State of Michigan Legislative Updates: Fair Housing in Continuing Education Bill Passed by State House and Senate, Land Division Act Passed by State Senate, Understanding the Clean and Renewable Energy Bills passed by the State House and Senate
There was a flurry of activity this past week as the Michigan State Legislature will be adjourning for the year at noon on Tuesday, November 14th after passing “sine die” (legislative proceedings that have been adjourned with no appointed date for resumption) legislation (Detroit Free Press). This action will enable legislation passed to move the Michigan presidential primary from the second Tuesday in March to the fourth Tuesday in February after a 90-day window (covered in item 3 of the Oct. 16th GAD Top 3). This activity included two wins for Michigan REALTORS®, the passing of the Fair Housing Continuing Education Bill and the Michigan Senate passing the Land Division Act. This week we will also provide some context for the Clean and Renewable Energy Bills passed as well which have been grabbing a lot of the headlines of the State legislation passed last week.
1. Fair Housing in Continuing Education Bill Passed by State House and Senate
Passed with strong support from both the Michigan State House and Senate the Fair Housing in Continuing Education Bill (House Bill 4717) will now head to the Governor’s desk for her signature and its enactment. Assuming this bill is signed by the Governor, it will require all real estate licensees to complete at least one hour of continuing education focused on Fair Housing Law each calendar year. This change will not add to the existing requirement to take 18 hours of continuing education during a 3-year licensing cycle. With the enactment of this bill, the mandatory 18 hours of CE during a 3-year licensing cycle CE requirements will adjust to:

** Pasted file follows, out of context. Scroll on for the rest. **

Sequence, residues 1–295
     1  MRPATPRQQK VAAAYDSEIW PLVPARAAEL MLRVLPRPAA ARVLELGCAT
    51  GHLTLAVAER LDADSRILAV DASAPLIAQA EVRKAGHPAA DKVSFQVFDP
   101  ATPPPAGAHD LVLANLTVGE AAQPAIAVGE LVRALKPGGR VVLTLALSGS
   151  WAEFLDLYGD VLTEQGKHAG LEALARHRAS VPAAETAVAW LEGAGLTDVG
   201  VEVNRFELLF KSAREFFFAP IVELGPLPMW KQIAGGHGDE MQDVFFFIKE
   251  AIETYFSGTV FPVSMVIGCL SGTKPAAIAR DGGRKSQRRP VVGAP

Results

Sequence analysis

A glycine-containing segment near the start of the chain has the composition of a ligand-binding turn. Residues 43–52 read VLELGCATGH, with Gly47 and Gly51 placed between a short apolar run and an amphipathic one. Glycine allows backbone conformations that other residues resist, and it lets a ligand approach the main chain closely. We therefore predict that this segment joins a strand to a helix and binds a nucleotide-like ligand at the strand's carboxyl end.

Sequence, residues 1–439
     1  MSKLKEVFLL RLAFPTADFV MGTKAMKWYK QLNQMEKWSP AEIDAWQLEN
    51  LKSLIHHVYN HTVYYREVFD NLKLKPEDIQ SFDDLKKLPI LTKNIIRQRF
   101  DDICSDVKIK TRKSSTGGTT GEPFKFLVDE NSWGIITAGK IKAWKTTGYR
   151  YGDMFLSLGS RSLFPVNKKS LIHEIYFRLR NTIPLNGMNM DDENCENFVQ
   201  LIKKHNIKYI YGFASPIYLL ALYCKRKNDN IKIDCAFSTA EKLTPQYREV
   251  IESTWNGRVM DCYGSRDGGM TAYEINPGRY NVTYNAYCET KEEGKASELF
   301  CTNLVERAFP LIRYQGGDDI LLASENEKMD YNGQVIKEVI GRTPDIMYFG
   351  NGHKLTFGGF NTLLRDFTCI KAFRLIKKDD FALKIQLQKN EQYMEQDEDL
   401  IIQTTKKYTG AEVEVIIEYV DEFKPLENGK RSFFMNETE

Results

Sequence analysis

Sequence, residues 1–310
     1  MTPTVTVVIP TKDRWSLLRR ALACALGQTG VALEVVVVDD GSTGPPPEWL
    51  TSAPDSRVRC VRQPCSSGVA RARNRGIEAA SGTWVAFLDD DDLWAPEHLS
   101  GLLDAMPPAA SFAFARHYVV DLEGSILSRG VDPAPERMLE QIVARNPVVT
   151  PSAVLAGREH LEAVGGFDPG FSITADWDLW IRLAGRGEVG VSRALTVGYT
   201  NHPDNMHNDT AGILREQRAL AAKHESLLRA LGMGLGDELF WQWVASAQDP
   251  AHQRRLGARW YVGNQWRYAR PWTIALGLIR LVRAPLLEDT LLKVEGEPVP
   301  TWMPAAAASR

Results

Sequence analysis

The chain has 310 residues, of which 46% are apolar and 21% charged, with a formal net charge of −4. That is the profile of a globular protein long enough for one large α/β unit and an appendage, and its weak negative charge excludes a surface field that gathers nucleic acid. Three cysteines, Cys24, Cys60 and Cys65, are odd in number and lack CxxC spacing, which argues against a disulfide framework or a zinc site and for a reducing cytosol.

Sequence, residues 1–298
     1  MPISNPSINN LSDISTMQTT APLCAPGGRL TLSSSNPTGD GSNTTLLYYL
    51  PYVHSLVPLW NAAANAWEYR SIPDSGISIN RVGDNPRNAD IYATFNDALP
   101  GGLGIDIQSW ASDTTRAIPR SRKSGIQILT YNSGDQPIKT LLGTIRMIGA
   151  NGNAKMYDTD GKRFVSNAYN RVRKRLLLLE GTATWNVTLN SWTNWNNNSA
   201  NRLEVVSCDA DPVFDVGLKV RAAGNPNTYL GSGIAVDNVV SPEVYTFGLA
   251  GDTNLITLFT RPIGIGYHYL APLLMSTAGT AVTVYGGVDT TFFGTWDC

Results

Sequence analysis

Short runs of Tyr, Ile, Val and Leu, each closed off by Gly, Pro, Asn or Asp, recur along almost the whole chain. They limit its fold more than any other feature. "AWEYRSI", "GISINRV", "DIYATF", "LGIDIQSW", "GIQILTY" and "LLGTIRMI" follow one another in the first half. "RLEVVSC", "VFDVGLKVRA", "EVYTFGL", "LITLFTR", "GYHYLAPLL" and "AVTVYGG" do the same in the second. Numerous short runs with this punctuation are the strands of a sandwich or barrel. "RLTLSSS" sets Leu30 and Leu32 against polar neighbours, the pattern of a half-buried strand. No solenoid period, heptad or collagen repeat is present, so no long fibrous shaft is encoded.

- 6 hours of Legal Education (2 hours annually)
- 3 hours of Fair Housing Law (1 hour annually)
- 9 hours of Elective Continuing Education
2. Land Division Act Passed by State Senate
The Michigan State Senate on Wednesday, Nov. 8th passed the Land Division Act (Senate Bill 480) which would “increase, from four to 20, the number of parcels that the first 10 acres of a parent parcel or tract could be divided into.” It would also allow a municipality to authorize further partitioning or splitting of land into a greater number of parcels if the land meets the standards established by the municipality in which it is located. According to testimony, this allowance could decrease the cost of lots by $15,000 to $20,000 if the lot had already made legal splits under the current statute. This will hopefully be another step forward in incentivizing more construction of affordable housing (Summary of Bill 480 reported from committee).
3. Understanding the Clean and Renewable Energy Bills passed by the State House and Senate
The talk of the town in Lansing was the passing of a package of clean energy bills, which includes one of the most aggressive state-level clean energy targets in the nation. This clean energy bill package includes Senate Bills 271, 273, 502, and 519 and House Bill 5120. The key bill is Senate Bill 271 which would require electric providers regulated by the Michigan Public Service Commission (MPSC) to achieve a renewable energy credit portfolio of at least the following:
- 15% through 2029
- 50% in 2030 through 2034
- 60% beginning in 2035
Senate Bill 271 will also require an electric provider to achieve a clean energy portfolio of at least the following:
- 80% in 2035 through 2039
- 100% beginning in 2040
The other big energy bill in the package is House Bill 5120, which would give the Michigan Public Service Commission (MPSC) permitting authority for all solar projects and battery projects over 50 megawatts and wind projects over 100 megawatts (source: Michigan just passed one of the country’s most ambitious clean energy bills) Although local units of government are given some role in the approval process of clean-energy projects, the ultimate authority rests with the MPSC. Renewable energy projects have stirred a lot of controversy in the Northwest Lower Michigan region and now these projects may be implemented without local approval. Some concerns have been raised about what this energy bill package will do to energy reliability and if it may drive up energy costs. Something to keep an eye on as Michigan moves forward with these clean energy goals.